Review of The No. 1 Ladies' Detective Agency by Alexander McCall Smith
Overview from www.barnesandnoble.com: This first novel in Alexander McCall Smith’s widely acclaimed The No. 1 Ladies Detective Agency series tells the story of the delightfully cunning and enormously engaging Precious Ramotswe, who is drawn to her profession to “help people with problems in their lives.” Immediately upon setting up shop in a small storefront in Gaborone, she is hired to track down a missing husband, uncover a con man, and follow a wayward daughter. But the case that tugs at her heart, and lands her in danger, is a missing eleven-year-old boy, who may have been snatched by witchdoctors.
As luck would have it, I stumbled upon this book at the library the other day when I only came there to use their printer. Ever since I read McCall Smith’s other series (Portuguese Irregular Verbs), I had wanted to give this one a try but I wanted to start it from the beginning.
We begin with our main character Precious Ramotswe, a thirty-something woman living in Botswana who has just inherited a very valuable heard of cattle from her dying father. She sells them and with the proceeds decides to open the first detective agency in her country to have a woman at the helm.
There are a few slight detours into other characters’ lives but on the whole we focus on Mma Ramotswe and her efforts to help her clients sort through the mysteries in their lives.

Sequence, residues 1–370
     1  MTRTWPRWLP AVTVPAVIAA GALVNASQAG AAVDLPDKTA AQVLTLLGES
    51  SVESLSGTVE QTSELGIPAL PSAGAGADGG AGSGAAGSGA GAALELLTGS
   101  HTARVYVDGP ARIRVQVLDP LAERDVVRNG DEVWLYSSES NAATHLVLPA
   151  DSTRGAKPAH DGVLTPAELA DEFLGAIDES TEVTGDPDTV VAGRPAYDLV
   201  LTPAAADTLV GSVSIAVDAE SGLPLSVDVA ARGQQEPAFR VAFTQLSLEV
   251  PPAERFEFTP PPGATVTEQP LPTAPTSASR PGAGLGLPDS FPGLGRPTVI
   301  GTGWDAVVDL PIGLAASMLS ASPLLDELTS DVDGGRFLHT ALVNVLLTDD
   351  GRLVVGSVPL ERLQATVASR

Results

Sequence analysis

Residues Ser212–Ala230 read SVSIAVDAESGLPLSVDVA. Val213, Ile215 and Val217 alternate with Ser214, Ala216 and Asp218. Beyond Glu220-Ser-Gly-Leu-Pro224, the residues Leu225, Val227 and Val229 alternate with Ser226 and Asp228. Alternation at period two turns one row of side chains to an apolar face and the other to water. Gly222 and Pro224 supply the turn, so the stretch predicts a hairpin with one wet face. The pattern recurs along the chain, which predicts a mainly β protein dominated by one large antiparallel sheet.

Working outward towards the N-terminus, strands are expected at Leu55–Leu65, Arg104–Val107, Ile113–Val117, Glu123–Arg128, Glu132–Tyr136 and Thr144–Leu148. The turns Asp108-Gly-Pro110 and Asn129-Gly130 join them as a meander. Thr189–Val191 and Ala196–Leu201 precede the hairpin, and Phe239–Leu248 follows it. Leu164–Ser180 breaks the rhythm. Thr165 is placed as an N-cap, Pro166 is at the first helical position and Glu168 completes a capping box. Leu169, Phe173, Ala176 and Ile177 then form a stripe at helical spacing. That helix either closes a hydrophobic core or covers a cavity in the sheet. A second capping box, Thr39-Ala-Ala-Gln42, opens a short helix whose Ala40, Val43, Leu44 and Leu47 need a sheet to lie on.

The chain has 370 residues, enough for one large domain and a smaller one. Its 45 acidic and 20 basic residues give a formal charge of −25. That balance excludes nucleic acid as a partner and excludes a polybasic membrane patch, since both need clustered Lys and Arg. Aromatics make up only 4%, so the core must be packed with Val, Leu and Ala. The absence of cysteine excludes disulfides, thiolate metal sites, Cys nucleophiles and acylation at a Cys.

The story is told in much the same style as McCall Smith’s other series, that is in little vignettes (centering mostly around her cases), but it seemed less humorous too me. And for good reason, I think. Some of these stories are heart-breaking. Others are just mildly amusing.
I don’t know how authentic the characters are compared with the people who actually live in Botswana but the author appears to know more about the place than I do. I know, that’s not saying much but that’s all I can say.
I can say that I liked the character of Precious Ramotswe. She seems to be a truly kind person who cares about the lives of her neighbors and her clients. Reading her back-story of her troubled marriage made me truly sympathetic to her goal of wanting to succeed as the first lady detective in her country.
It was that sympathy that later made me fearful for her life when she got mixed up in the case of a boy who she feared was probably taken by a witch doctor. I can see how she would make an ideal protagonist for a series.
I am still not sure that I will continue to read this series yet or not. There was an enticing ending, though not the kind I expected. And I did like the story.
However, I did not love it. As I said earlier, it was not as funny for me as Portuguese Irregular Verbs but it had its own charm and pacing. I might give the second one a try yet. And I am recommending it as a good light summer read.
Contains: some violence, sexuality